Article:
Balthasar at End of Modernity
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Paperback / softback
Publisher: Bloomsbury Publishing PLC
Number of Pages: 208
With a Foreword by Fergus Kerr and an Afterword by Rowan WilliamsIn an age when theology appears fragmented as never before, this volume intends to show how von Balthasar is one of the very few contemporary theologians to have demonstrated how the patterns and resources of the Christian tradition have extraordinary pertinence today.The authors represent a new generation of Anglican theologians sympathetic to von Balthasar's thought, exploring it both in order to discover its fundamental dynamics and to see how it may be brought into new dialogues.The authors represent the 'Radical Orthodoxy' movement in Anglican theology, and are sympathetic to von Balthasar's thought, exploring it both in order to discover its fundamental dynamics and to see how it may be brought into new dialogues.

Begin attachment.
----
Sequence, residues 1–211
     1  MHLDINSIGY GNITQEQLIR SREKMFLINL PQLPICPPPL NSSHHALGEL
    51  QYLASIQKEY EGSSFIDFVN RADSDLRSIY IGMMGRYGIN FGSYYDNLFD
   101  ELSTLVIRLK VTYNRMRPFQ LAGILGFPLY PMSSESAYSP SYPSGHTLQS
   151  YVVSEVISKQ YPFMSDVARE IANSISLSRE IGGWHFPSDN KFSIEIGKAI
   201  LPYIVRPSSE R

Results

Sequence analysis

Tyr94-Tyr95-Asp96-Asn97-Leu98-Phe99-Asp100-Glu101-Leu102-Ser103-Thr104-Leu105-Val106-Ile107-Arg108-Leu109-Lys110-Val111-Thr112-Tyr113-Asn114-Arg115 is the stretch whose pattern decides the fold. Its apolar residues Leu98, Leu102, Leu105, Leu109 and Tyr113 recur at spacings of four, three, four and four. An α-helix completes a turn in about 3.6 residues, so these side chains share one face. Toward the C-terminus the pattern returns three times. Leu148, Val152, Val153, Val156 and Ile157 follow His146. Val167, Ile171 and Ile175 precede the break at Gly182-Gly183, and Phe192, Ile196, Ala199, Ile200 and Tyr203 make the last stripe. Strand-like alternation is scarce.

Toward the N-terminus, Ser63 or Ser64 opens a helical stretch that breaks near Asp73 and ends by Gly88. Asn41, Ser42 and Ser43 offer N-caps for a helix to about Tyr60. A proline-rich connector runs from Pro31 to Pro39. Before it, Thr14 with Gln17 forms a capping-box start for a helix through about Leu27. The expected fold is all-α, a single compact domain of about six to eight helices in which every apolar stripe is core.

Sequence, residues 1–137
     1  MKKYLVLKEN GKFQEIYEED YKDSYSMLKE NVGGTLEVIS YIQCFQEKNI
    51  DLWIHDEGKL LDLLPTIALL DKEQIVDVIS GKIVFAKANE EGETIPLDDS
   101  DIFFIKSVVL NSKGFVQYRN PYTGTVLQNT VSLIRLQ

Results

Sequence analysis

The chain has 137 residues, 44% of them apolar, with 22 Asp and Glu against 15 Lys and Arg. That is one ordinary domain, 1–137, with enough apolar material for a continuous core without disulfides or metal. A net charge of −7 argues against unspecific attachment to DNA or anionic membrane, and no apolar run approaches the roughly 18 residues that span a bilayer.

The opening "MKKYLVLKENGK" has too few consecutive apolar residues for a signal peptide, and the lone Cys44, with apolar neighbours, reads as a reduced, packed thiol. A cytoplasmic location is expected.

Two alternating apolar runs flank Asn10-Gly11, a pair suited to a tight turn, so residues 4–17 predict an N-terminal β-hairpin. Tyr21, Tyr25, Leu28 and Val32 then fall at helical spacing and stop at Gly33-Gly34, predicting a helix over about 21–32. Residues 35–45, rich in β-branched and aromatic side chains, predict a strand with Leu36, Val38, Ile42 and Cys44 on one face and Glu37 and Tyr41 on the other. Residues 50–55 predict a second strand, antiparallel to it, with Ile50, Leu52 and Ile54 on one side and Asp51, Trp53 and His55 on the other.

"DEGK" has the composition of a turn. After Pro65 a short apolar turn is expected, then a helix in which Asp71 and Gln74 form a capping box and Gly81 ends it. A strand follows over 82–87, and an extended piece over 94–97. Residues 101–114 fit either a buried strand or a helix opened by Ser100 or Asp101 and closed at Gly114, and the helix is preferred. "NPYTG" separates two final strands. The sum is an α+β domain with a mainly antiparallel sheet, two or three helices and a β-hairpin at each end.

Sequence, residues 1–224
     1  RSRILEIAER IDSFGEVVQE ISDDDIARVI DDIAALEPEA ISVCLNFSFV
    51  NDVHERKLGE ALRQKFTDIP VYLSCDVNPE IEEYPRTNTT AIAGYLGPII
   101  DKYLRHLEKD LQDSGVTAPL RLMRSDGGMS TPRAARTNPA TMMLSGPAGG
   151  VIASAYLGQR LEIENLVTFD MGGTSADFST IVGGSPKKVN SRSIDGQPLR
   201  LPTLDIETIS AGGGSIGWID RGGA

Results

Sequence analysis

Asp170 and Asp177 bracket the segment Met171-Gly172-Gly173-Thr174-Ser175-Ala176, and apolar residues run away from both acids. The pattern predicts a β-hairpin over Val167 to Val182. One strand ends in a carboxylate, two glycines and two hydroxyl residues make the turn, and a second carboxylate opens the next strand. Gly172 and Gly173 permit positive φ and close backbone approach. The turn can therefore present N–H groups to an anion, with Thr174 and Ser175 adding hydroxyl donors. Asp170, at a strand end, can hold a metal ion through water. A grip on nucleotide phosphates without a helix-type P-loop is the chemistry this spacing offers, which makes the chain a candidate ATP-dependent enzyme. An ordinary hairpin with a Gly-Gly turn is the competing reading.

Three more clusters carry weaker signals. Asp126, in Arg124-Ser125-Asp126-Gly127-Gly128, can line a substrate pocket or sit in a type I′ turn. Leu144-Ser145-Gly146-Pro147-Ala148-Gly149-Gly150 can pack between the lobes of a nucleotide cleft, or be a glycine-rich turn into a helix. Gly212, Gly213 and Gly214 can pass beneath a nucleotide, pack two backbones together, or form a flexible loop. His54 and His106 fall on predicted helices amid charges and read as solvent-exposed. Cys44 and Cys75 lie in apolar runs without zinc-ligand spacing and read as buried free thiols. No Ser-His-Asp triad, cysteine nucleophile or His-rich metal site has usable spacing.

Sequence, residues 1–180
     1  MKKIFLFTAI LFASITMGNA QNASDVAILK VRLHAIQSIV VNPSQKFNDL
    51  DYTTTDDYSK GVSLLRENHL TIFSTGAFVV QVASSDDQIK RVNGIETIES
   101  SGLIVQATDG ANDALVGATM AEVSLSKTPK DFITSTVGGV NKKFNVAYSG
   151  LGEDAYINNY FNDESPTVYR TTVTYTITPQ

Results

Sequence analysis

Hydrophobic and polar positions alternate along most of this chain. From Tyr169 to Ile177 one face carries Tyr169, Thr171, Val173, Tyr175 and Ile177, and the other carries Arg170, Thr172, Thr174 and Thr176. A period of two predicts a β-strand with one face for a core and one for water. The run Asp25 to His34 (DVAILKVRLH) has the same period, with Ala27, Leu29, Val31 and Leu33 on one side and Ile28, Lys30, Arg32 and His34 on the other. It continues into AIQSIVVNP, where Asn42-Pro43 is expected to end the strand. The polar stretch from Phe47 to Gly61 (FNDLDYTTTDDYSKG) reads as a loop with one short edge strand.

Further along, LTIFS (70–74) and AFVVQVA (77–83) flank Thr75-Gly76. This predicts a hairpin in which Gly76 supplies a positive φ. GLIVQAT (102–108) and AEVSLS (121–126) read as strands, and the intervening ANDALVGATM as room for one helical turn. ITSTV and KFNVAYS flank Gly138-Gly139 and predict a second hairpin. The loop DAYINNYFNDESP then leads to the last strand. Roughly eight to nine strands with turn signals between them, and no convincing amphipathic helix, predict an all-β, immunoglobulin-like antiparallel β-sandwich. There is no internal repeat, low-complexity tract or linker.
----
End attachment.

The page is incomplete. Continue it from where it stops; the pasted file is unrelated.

'If you've written off Hans von Balthasar as hopelessly retrograde, this book will be enormously profitable for you to read. And if you've become more and more fascinated by Balthasar, this book will be enthralling. And if Balthasar is neither her nor there for you - well, it is still an exciting read. It is not yet another patient exposition of the master's thought but something much more likely to draw the reader into a lively and constructive conversation; namely, an illuminating collection of essays exploring our contemporary awareness of difference, of the agonising deferral of meaning, and of the painful and tragic divides of history.' Mark McIntosh, Loyola University Chicago, Reviews in Religion and Theology'Framed by Fergus Kerr's urbane positioning of Balthasar's theology in relation to neo-scholasticism and the nouvelle theologie, and Rowan William's masterful meditation on the difficulty of thinking difference, and situated neither for nor against, but within Balthasar's heady theology, the three extended essays in this book offer richly complex and fascinatingly convergent reflections on the drama of the gendered body as divine analogy. They are the fruit of a new theology for a new millennium, after modernity, espying in the temporalities of the flesh the gift and promise of the trinitarian life, that re-enchants the world and lights up the sky.' Dr Gerard Loughlin, University of Newcastle-upon-Tyne'The best of the main essays is that of Ben Quash. With great clarity, he presents and critiques Balthasar's 'dramatic' mode of Christian theology. There is even a suggestion that modernity is not all bad - that it can open a space for doubt and questioning, which Balthasar closes off too quickly. [. . .] Much careful work is on display, and there are flashes of great insight into the nature of analogy, and the self-giving of God.' Steven Shakespeare, Theology'There are some virtuoso passages here: Ward's explorations of Julia Kristeva